Porsche will not be changing its sales tact in order to appeal more to fleet users, despite launching two new models that will have upper-level business users salivating.
The four-seat Panamera Diesel and Panamera S Hybrid models each offer CO2 emissions and fuel economy ratings that put them well into ‘sensible’ running cost territory – the latter in particular.
That’s because the Panamera S Hybrid is the first Porsche ever to drop below the vital sub-160g/km bracket, making it eligible for the 20 percent company car writing down allowance.
However, at over £86,000, it’s not a car within reach of the average user-chooser.
Porsche knows this, and, as Panamera Product Manager James Eastwood told Fleet News, “we’re not going to be offering ten percent discounts for bulk buyers”.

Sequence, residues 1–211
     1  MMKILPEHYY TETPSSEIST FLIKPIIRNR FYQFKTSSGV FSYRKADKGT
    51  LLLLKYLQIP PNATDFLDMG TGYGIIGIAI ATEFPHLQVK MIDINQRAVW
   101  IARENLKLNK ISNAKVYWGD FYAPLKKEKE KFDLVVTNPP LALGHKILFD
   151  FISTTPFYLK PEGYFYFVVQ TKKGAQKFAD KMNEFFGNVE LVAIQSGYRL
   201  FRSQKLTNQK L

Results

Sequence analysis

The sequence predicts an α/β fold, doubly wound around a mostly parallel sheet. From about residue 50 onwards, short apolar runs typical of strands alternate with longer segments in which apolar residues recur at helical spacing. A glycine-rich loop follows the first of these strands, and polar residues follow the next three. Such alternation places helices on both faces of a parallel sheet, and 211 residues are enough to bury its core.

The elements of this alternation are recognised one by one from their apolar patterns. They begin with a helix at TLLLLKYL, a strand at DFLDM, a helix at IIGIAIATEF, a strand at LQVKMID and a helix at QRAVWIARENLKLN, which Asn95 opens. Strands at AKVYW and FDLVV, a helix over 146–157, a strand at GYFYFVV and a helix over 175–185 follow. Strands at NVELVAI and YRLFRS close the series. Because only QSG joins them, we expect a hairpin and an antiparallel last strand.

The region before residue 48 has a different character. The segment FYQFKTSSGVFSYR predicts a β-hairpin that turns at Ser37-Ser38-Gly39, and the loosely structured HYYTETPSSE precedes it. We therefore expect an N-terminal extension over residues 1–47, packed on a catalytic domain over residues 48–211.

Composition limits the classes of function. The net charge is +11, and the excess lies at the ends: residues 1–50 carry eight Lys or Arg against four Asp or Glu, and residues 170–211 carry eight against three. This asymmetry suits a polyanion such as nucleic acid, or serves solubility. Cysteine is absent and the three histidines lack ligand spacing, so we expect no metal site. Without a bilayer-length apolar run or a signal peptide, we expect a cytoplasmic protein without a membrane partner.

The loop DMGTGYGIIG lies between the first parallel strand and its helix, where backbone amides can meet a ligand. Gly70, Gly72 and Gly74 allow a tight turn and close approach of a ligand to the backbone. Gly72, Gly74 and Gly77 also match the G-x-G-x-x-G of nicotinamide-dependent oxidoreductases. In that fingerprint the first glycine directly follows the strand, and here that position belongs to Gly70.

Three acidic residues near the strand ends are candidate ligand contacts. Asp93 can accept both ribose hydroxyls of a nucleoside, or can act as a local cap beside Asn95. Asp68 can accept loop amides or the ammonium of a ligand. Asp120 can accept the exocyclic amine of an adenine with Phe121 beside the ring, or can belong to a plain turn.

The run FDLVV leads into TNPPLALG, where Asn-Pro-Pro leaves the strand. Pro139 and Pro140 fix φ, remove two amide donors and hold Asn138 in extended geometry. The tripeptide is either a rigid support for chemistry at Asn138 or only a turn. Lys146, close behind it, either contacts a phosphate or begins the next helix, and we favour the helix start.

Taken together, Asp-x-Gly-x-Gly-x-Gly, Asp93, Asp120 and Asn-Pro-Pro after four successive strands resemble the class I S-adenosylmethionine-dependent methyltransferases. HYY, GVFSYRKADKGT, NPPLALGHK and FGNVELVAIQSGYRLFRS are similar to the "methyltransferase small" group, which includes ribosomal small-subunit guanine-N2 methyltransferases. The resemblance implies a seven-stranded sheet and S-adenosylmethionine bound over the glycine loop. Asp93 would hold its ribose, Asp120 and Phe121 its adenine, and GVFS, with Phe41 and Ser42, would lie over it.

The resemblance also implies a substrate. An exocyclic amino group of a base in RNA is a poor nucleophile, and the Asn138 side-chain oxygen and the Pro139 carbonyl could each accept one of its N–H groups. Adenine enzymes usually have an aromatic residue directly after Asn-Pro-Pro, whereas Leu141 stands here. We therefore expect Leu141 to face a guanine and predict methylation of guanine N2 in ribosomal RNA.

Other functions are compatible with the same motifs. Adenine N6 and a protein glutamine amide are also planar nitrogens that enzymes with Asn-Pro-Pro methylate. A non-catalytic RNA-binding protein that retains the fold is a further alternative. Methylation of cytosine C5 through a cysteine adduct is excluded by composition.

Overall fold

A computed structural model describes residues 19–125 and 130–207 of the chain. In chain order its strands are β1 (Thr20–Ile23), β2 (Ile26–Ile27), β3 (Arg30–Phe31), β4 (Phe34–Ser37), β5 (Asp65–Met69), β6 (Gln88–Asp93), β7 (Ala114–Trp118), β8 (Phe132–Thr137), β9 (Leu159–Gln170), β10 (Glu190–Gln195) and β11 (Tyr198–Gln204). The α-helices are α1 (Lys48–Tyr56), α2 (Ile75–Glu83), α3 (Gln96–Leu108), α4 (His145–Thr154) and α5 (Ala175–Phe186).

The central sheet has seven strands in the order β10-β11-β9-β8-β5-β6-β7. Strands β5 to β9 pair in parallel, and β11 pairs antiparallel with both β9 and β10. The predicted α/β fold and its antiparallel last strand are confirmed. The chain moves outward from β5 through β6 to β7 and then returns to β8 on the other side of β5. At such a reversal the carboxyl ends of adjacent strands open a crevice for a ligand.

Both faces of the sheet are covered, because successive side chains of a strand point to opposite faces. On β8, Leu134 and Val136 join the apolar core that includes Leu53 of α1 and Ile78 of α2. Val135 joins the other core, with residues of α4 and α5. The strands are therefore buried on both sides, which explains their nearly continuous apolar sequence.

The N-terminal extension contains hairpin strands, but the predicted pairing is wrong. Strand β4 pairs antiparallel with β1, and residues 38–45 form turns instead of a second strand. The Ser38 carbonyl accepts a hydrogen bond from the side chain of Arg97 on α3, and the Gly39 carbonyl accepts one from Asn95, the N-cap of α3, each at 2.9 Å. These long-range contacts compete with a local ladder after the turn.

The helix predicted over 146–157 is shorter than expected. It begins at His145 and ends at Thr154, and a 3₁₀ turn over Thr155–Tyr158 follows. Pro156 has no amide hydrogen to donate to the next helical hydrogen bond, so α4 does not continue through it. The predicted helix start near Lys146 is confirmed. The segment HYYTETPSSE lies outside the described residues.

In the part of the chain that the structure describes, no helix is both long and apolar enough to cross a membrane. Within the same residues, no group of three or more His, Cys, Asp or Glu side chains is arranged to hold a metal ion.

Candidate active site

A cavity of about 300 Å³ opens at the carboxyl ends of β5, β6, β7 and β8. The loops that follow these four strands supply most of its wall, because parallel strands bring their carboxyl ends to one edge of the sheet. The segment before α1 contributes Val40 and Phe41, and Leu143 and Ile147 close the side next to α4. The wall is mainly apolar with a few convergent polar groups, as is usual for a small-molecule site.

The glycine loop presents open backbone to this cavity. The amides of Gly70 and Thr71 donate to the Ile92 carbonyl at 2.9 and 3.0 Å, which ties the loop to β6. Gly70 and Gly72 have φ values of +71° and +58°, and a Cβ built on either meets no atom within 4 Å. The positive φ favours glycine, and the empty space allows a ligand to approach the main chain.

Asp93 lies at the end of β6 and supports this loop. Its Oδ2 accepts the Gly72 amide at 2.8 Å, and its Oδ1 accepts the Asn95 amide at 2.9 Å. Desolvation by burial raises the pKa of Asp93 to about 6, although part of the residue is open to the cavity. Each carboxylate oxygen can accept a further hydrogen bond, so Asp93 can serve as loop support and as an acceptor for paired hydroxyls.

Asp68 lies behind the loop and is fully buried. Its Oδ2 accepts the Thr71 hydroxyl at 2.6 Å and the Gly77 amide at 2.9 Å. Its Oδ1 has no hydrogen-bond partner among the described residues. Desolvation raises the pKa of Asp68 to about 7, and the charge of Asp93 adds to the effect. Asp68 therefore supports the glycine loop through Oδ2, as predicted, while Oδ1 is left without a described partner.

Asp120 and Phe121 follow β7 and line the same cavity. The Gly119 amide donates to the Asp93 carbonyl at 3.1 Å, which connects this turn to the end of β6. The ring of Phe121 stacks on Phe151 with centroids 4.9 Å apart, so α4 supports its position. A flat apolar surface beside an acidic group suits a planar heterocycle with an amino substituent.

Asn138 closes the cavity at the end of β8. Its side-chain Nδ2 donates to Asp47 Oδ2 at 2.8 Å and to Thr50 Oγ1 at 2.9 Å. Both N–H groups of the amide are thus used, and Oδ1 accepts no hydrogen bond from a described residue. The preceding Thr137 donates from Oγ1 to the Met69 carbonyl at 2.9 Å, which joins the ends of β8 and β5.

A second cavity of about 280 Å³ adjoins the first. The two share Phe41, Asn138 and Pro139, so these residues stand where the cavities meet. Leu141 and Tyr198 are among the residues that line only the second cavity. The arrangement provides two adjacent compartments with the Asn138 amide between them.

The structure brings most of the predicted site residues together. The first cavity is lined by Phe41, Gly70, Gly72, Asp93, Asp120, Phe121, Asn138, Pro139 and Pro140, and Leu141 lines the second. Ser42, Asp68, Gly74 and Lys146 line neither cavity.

He added that “most Panamera drivers are business users anyway,” regardless of whether they choose to buy their car through the company or not.
The 41.5mpg S Hybrid’s prohibitive cost means that Porsche expects it to take only ten percent of total Panamera sales.
That’s no surprise when you consider that the new Diesel version actually beats it for fuel economy, with 43.5mpg; the Hybrid’s lower CO2 figure (159g/km against 172 for the Diesel) is partly explained because the Hybrid can run on zero-emissions electric power for a short time.
The Diesel will continue to be the big seller - at £62,000 it’s expected to make up half of Panamera sales.
And because the company has never been “price driven,” as Porsche’s Nick Perry told us, the company won’t be reaching out to fleet customers specifically. He said: “We’ve traditionally sold lots of cars to businesses – entrepreneurs and business users that choose to buy them.
“Rather than having a fleet orientation, we’ve sold to the customer. The customer experience doesn’t change. give us a great opportunity to have a dialogue with a wider customer base.”